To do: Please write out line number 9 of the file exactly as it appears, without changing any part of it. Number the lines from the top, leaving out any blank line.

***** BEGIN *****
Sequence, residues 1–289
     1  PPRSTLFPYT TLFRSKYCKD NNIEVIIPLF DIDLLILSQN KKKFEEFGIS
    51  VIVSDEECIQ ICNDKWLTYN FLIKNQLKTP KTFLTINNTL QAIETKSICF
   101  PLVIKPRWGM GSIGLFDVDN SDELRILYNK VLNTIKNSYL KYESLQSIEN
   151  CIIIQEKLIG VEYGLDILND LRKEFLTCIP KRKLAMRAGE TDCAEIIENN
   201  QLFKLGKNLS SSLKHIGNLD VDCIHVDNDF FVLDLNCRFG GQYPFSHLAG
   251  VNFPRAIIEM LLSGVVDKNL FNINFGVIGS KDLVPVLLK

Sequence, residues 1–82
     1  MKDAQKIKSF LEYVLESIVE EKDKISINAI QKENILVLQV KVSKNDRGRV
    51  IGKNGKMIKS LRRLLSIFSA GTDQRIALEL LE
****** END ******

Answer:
     1  MKDAQKIKSF LEYVLESIVE EKDKISINAI QKENILVLQV KVSKNDRGRV